The Parliamentary Budget Office (PBO) estimated that the 3% surtax would generate revenue of $5.3 billion. Despite the lack of details about the CRD, the Liberals—not the PBO—estimated it would bring in $5.5 billion through 2026. The combined revenue would have been $10.8 billion.


Weakening 1: From the election to the budget

In the 2022 budget, the Liberals made changes to both promises:

a) the surtax was lowered to 1.5%, while it would now be applied to profits greater than $100 million; and

b) the CRD was changed to a one-time 15% tax on 2021 profits above $1 billion, and the scope of the tax was narrowed from “financial institutions” to “banks and life insurers”.

The combined revenue of the two measures was now estimated at $4.9 billion, a 55% drop.


Weakening 2: From the budget to the draft legislation

Now, the Liberals are proposing that instead of applying to the profits in 2021, when finance companies reaped record profits, the Canada Recovery Dividend will be based on the average profits for 2020 and 2021. This will substantially reduce the CRD’s revenue. 


Why did this happen?

It is common for governments to change their minds after talking to business lobbyists. In this case, the financial companies likely exercised their considerable influence to weaken the CRD.

We cannot know what arguments companies and lobbying organizations might have made for narrowing the scope and reducing the tax base. However, one argument against the tax was made publicly: that it would be passed along to consumers.


Who should pay? Consumers vs corporations.

“It will just get passed along to consumers” is a typical talking point against higher corporate taxes. Yet, those making this argument never suggest that corporations should reduce their dividends or stop buying back shares.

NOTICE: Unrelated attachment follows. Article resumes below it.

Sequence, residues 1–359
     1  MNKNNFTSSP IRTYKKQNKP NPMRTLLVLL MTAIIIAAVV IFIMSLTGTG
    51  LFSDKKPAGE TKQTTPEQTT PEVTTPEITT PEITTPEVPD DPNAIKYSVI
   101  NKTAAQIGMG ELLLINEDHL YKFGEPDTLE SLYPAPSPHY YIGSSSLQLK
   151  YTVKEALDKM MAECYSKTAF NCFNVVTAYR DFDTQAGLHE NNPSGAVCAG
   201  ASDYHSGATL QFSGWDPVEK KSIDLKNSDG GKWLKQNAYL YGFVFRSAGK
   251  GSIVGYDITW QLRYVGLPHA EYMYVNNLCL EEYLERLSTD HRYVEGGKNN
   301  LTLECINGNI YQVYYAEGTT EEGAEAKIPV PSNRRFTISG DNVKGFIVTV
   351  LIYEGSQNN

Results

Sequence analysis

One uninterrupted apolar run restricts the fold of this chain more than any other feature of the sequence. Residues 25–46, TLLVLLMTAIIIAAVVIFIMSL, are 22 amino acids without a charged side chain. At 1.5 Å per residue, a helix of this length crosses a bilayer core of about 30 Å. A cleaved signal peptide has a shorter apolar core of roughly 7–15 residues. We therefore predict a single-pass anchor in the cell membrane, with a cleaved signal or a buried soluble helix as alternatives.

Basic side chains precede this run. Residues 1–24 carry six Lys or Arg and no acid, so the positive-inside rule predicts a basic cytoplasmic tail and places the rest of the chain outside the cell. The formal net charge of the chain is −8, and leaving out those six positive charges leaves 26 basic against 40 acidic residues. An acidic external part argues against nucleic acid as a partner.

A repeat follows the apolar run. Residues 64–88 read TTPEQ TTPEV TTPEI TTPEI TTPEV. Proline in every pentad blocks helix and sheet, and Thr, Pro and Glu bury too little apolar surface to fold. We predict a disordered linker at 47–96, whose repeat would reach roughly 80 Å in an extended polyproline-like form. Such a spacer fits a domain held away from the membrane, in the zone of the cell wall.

In 2020 and 2021, while Canada’s major financial institutions were being bailed out by the government, they distributed billions more to shareholders than they paid in taxes.

The table below compares the total dividends and share buybacks of the Big 6 to the amount of income tax they paid over those two years.


Dividends & Buybacks vs Taxes for the Big 6 Banks (Table 2)


Distributed to Shareholders

Income Taxes Paid
















National Bank






Figures in CAD millions.

The Big 6 had almost $100 billion in total after tax profits, so there would be no need to charge their customers more if they were asked to pay slightly higher taxes. Of course, we agree that price-gouging by the banks is a serious concern. But the solution is not to capitulate on taxation.


What should we do?

First, we should demand the Liberals reverse the latest weakening of the CRD. There is no legitimate reason to change the tax base from 2021 to an average with 2020.

Second, we should demand a minimum tax on book profits to help close the tax gap.

Third, we should impose a tax on share buybacks, similar to the one recently passed in the United States as part of the Inflation Reduction Act. 



Photo: Towfiqu Barbhuiya